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Family affairs

Jul 24, 2014

Dara & her sponsor
When it comes to attracting fresh faces, few are as dedicated as Richard Leyden. Current membership committee chair (and past president) of the Kiwanis Club of Northridge (California), he's brought in ten new members this year alone, and many more over the course of his nearly 40-year Kiwanis tenure.

But that doesn't mean this seasoned expert can't pick up new tricks. For instance, he recently learned that when pursuing potential candidates, it pays to consider their kids, too.

"Remember that older people have children," says Leyden, 73.

He reached this epiphany during his multi-year courtship of Pasadena attorney and personal friend Richard Moss. Unfortunately the busy lawyer's schedule is too packed for him to participate in Kiwanis. Not that this discouraged Leyden. People with a lot on their plates are the very folks he covets.

"I always ask my doctor, my dentist, people like that," he says. "They're always very busy, but that's what we want. I've never found a good member who has all the time in the world."

In this case his efforts yielded an unexpected dividend. When his attorney friend's daughter, 30-year-old Dara Moss, returned from an extended stay in Australia in 2011, she noticed Leyden's pursuit of her father and expressed her own interest. Leyden invited the former Circle K and Key Club member to a meeting, and she signed up shortly thereafter.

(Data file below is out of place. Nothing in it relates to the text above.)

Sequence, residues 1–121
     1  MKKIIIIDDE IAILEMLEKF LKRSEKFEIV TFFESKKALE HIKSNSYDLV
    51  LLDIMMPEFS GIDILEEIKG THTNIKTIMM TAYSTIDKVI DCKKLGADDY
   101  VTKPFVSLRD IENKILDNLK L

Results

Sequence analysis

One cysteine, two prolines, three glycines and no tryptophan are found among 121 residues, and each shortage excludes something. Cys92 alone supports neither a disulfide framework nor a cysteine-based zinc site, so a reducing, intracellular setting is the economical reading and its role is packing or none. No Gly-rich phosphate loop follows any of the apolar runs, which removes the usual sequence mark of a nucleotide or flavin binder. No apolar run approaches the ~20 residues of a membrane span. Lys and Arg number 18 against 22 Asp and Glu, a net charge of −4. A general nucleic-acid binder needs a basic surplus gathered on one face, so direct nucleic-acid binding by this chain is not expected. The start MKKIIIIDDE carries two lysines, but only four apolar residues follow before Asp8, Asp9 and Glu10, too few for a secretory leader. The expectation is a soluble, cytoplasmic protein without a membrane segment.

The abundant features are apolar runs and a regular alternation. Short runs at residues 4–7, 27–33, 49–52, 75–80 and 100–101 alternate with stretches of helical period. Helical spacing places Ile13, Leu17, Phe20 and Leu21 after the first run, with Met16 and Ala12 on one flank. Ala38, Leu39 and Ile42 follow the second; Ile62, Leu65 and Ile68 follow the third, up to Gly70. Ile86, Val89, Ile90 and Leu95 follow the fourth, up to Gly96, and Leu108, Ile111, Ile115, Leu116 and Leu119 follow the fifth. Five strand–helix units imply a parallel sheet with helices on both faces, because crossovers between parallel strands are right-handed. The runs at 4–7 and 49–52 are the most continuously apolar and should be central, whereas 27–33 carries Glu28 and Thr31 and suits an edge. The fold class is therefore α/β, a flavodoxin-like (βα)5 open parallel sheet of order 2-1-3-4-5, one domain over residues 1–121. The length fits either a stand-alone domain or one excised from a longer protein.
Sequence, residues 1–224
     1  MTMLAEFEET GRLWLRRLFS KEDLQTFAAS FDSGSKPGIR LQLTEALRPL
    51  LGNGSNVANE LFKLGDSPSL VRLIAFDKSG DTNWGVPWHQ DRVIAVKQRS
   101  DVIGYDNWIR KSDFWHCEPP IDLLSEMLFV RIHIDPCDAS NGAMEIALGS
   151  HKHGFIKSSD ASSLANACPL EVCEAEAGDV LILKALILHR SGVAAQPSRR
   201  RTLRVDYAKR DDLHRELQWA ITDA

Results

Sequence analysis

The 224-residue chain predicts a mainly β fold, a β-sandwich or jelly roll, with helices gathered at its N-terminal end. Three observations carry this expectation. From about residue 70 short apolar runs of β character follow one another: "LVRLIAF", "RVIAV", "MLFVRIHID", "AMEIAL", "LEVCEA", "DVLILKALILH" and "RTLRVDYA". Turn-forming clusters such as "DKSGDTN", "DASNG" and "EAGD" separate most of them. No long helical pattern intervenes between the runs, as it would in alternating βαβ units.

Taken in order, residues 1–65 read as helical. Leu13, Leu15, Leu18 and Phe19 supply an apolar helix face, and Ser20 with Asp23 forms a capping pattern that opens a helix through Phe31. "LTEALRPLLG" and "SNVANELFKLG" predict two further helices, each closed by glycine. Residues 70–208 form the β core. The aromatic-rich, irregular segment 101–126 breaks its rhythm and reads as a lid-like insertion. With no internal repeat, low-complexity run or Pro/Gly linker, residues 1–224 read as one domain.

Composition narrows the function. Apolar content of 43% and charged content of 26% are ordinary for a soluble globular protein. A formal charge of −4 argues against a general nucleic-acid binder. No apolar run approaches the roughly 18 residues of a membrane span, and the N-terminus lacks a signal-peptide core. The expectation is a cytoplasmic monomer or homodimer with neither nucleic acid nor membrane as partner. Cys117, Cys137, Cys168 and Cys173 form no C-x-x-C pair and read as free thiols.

"He wanted my dad to join, but he ended up with me instead," Moss says.

Leyden is more than happy with the way things turned out, because Moss has singlehandedly pared several years off the club's average age. And Moss is thrilled because Kiwanis allows her to seamlessly work community service into her busy schedule.

The Johns Hopkins University nursing student says the club's flexibility has been instrumental to her participation — a perk she doesn't take for granted, given her experiences with other groups. Recently she approached another service organization about participating, explained her scheduling problems, and was told that if she couldn't make the meetings she couldn't join.

So, not surprisingly, she didn't.

"The understanding my club shows me makes a huge difference," Moss says. "Because if you really want to attract young members, you need to be accommodating."

Moss returns the favor by pitching in for pretty much every club event, including its contribution to the Wheel to the Sea program, which takes wheelchair-bound paraplegics on extensive nature hikes and even allows them to dip their toes in the Pacific Ocean. Moss has done it four times, riding to and from the event with the participants and helping maneuver their specially designed "off road" wheelchairs over rough country.

"I love it," she says. "I love everyone in the club. Everyone's really nice and friendly and I've enjoyed all the activities."

Leyden and the other members certainly love having her. He says that the next time you're eying a potential members their 50s, 60s or 70s, be sure to look over their adult children as well.

"The main thing is to ask," he advises. "Don't be bashful." — Sam Stall

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